A lot of Democratic administrations have come in and said were not going to do trade and that market access agreements are not a priority, and then at the end of their administration it ends up being one of their major initiatives. That certainly was the case with President Obama, Eissenstat said.
My experience tells me that countries love to have summits, they love to engage with the United States, but what they really want is market access and to trade with us, he added.
If Biden does pivot, Tais popularity with both parties in Congress could bode well for bipartisan cooperation. The former House Ways and Means chief trade counsel was confirmed 98-0 by the Senate and Brady himself helped introduce Tai at her Senate Finance Committee confirmation hearing.
Whatever the outcome of Tuesdays election, the Biden Administration will continue to develop and implement its robust trade agenda and work with Members of Congress on both sides of the aisle to create durable trade policy that creates jobs and increases prosperity for workers and businesses, USTR spokesperson Adam Hodge said in an email.
Increased scrutiny: But even if Biden remains unwilling to push for TPA or pursue new free trade agreements, he would face pressure from a Republican-controlled Congress to clarify his goals in non-tariff negotiations launched with the IPEF countries, Taiwan, U.K., Kenya and more recently Ecuador, said Nasim Fussell, former chief international trade counsel for Republicans on the Senate Finance Committee.
Theres probably going to be a really hard push, within the broader sort of political push for more oversight, to get the administration to talk more precisely about what they are doing on trade, Fussell said. There will be a demand for more consultations with Congress and members will continue to ask, why no market access? They will want an answer to that.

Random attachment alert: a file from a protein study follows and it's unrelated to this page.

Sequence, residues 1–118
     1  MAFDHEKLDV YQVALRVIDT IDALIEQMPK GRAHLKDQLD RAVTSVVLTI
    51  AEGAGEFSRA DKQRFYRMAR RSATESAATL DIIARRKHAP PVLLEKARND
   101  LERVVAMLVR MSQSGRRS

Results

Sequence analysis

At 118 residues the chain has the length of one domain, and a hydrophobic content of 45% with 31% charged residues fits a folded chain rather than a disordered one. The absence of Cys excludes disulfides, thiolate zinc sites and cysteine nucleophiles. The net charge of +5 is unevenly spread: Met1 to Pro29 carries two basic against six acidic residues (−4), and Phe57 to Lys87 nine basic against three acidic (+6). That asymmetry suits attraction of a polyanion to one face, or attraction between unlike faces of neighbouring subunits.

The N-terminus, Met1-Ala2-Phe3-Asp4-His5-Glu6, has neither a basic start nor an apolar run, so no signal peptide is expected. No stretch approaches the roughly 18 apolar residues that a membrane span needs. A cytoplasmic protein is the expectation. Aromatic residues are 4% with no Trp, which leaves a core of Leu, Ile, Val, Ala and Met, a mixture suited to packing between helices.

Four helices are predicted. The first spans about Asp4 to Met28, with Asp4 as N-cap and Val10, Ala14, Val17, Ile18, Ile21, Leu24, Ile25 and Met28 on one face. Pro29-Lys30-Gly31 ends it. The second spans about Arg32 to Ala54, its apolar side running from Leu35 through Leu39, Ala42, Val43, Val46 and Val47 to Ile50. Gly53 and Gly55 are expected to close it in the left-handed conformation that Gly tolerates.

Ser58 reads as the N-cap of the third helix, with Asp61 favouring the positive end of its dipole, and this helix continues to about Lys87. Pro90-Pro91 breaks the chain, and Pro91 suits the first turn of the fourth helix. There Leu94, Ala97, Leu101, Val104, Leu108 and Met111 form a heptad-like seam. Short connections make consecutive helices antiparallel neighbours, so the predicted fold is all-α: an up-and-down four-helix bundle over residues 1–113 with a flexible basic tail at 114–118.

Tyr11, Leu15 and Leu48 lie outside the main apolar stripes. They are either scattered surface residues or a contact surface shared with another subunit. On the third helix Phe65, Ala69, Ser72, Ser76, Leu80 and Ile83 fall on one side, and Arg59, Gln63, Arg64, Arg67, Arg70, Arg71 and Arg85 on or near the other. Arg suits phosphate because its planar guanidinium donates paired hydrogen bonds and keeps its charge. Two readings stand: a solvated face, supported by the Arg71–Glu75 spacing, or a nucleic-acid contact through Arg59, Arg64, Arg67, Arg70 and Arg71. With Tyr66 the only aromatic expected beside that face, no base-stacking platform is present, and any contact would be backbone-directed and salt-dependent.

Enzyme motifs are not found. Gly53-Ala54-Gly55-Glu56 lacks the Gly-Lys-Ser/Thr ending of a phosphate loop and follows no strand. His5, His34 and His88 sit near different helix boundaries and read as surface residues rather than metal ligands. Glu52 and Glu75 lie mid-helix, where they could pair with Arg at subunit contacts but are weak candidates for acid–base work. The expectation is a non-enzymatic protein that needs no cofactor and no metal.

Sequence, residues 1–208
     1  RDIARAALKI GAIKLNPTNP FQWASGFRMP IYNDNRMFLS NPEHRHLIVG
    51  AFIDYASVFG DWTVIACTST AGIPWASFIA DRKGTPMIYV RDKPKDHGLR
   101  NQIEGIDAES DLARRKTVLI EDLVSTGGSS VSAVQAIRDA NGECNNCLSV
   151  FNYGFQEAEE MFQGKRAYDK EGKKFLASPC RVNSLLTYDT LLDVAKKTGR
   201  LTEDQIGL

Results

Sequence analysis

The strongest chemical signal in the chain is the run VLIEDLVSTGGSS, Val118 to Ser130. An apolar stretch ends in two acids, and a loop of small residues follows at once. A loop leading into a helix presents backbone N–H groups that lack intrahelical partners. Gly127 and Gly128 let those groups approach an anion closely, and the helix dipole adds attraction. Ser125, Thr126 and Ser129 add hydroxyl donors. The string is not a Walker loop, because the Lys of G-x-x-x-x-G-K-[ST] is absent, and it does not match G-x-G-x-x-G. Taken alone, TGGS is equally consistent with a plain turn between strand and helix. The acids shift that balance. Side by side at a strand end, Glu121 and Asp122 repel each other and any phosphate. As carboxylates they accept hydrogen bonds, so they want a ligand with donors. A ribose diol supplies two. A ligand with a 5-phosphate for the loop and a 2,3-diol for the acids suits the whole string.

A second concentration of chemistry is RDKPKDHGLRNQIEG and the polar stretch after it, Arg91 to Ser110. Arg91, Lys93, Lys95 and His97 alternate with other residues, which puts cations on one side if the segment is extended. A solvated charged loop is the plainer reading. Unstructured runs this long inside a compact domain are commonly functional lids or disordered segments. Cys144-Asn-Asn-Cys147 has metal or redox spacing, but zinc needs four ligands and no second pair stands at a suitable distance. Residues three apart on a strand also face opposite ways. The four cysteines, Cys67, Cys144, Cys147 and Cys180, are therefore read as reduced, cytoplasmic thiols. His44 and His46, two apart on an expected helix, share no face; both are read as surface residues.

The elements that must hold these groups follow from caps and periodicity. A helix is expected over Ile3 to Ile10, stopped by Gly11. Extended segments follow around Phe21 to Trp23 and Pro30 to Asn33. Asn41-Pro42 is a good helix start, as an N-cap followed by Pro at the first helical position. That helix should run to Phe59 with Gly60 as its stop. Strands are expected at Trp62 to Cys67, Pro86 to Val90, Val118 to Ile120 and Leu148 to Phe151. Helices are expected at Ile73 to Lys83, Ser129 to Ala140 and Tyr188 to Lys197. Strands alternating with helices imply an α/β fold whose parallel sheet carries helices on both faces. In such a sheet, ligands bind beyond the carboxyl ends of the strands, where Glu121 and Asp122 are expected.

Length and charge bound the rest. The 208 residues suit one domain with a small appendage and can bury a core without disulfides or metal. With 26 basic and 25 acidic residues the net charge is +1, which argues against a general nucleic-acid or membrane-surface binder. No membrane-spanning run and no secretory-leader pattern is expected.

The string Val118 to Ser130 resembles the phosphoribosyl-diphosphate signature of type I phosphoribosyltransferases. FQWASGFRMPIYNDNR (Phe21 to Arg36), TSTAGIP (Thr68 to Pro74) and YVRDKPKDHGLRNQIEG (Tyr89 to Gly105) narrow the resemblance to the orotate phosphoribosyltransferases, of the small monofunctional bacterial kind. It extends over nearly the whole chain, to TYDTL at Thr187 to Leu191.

Even though Trump pulled out of TPP, there also could be some pressure from Republicans for the Biden administration to figure out a way to get back into the agreement, which the 11 remaining members rebranded as the Comprehensive and Progressive Agreement for Trans-Pacific Partnership or CPTPP.
Thats going to be a very difficult conversation, but certainly worth having in my opinion because Chinas increasingly aggressive trade and military posture makes the national security argument in favor of the agreement even stronger than when the Obama administration initially negotiated the pact, Fussell said.
Brady agreed there is strong Republican support for engaging aggressively in the Asia Pacific region, but said there are other ways of pursuing that short of rejoining the TPP, such as following through on the Trump administrations promise to negotiate a comprehensive trade agreement with Japan.
I think that would be a very strong signal that we are serious as a country about engaging the Asia Pacific region, Brady said.
The China factor: Republicans also want the Biden administration to enforce the phase one trade deal that Trump reached with China, Brady said, noting that Republican Leader Kevin McCarthy has promised to create a China task force to examine the full breadth of the U.S. relationship and rivalry with the Asian superpower.
I think thats an important step forward, that addressing China more successfully will increase confidence in the benefits of trade overall, Brady said. Im convinced the Biden administration walked away from [the phase one agreement]. China isnt going to comply if they think America is not really interested in that.
Republicans have also signaled their intention to scrutinize trade policy decisions that they oppose, such as a global tax treaty reached in 2021 and the Biden administrations support for a limited waiver of intellectual property protection for Covid-19 vaccines.
Bait-and-switch: But Kind said he worried GOP oversight could potentially set up a worst-case scenario, where Republicans are so intent on undermining Biden that nothing gets accomplished on trade.
Theyll call it oversight, but it will be Republican criticism. That wont engender much confidence as far as moving forward on trade promotion authority, for instance, or other trade measures where were going to need bipartisan support, Kind said.